Millions of consumers have their identities stolen every year. And while it’s an unfortunate reality, recovering from identity theft takes both time and effort. If your personal information was compromised and you now find yourself a victim of identity theft, you need to clear your name and credit. Recovering from identity theft takes immediate action! Here are the necessary steps to take after ID theft.
Tuesday Tip – Recovering from Identity Theft
- Notify your banks and creditors: Reporting the fraudulent activity is the first order of business. You’ll have to close or freeze your account ASAP. Most credit cards have a zero-liability policy, but federal law limits your responsibility for unauthorized charges up to $50. You’re not responsible for fraudulent transactions if you report your ATM or debit card as lost or stolen before they occur. But, you only have two business days after purchases or withdrawals are made to report the unauthorized charges or transfers and get a $50 liability limit. If you report the fraud within 60 days, you’ll have a $500 liability limit and unlimited liability after that.
- Contact credit reporting agencies: Contact Equifax, Experian, and TransUnion, and request a fraud alert on all reports.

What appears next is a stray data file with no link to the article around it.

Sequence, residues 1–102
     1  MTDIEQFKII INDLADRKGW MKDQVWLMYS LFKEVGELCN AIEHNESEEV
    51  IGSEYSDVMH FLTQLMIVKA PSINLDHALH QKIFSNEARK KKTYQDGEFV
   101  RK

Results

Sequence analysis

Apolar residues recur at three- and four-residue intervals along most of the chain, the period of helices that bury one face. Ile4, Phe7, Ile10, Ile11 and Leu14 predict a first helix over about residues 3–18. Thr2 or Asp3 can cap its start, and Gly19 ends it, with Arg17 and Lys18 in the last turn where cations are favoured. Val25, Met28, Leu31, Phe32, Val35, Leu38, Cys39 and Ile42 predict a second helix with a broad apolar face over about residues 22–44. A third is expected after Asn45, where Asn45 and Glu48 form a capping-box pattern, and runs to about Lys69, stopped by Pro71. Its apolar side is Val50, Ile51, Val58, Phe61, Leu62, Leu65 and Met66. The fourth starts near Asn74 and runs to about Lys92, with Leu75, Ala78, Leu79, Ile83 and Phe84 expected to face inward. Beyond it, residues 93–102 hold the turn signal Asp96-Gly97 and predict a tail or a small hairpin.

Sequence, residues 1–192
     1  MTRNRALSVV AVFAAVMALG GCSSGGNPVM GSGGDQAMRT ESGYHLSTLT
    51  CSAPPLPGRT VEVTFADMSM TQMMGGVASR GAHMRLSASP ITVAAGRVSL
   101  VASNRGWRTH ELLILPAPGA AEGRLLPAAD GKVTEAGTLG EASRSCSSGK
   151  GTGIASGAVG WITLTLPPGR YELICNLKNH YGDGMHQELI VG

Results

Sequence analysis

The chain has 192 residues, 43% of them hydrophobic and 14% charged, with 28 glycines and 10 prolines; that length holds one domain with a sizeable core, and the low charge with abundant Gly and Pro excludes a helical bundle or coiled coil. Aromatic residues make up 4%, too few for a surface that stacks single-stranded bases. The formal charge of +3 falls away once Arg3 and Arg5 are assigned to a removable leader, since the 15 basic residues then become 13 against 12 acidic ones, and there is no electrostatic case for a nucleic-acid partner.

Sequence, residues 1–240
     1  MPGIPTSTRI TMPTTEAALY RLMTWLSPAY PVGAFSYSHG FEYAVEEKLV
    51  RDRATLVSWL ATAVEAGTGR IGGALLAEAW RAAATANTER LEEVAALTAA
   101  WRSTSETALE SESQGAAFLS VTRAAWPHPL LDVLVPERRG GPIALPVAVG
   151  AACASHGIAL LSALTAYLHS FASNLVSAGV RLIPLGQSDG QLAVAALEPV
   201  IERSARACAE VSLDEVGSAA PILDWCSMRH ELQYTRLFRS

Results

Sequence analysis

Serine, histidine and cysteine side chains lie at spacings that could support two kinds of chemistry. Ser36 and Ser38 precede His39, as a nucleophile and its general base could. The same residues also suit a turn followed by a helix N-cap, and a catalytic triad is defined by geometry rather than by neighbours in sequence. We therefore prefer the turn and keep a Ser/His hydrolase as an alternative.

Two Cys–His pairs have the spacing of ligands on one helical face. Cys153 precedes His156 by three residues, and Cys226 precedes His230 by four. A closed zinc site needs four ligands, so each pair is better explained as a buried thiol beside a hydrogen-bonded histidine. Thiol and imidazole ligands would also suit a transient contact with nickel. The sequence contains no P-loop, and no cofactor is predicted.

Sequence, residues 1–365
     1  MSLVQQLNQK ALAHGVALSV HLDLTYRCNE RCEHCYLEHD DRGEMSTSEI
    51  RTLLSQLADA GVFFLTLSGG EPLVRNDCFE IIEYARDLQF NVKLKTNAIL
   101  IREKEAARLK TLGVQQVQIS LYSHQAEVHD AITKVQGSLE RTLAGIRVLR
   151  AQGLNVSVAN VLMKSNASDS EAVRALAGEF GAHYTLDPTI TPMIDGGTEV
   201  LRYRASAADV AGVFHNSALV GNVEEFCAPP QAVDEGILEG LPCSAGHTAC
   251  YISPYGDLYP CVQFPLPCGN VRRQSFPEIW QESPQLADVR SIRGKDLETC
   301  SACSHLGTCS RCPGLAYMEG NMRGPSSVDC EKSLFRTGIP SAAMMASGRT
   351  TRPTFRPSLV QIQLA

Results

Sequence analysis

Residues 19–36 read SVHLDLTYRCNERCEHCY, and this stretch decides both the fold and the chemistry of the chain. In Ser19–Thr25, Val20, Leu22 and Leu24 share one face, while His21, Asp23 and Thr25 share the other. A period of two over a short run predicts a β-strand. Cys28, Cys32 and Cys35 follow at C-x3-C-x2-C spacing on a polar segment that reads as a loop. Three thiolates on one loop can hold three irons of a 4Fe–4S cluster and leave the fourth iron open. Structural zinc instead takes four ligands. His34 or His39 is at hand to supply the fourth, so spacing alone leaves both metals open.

- Contact the Federal Trade Commission: File a complaint with the FTC. Complete the ID theft complaint letter and affidavit form. This, along with your police report, will serve as your ID theft report and will help you dispute fraudulent transactions so you can eliminate debt.
- Go to the police: File a report with your local police or with the police department where the crime occurred. Although this is absolutely vital, not all all states enforce officers taking a police report on identity theft from consumers. You can give them a cover letter from the FTC stressing the importance of police reports for identity theft victims. Get a copy of the report as evidence for re-securing identity and removing fraudulent charges.
- Follow up: Send creditors a copy of your ID theft report. Tell them in writing that you’re a victim of fraud. Ask for copies of the documents with the fraudulent transactions, and be persistent. It’s important to make sure you get a paper-trail of evidence. Make sure to send all of this information to the credit reporting agencies so the fraud doesn’t affect your credit score.
Remember to keep monitoring your accounts and change your security information even after you’ve followed these steps. The fallout following identity theft can be time-consuming, but can cost you much more if you don’t move fast. Minimizing your risk of ID theft by safeguarding and monitoring your information are the best ways to prevent becoming a victim.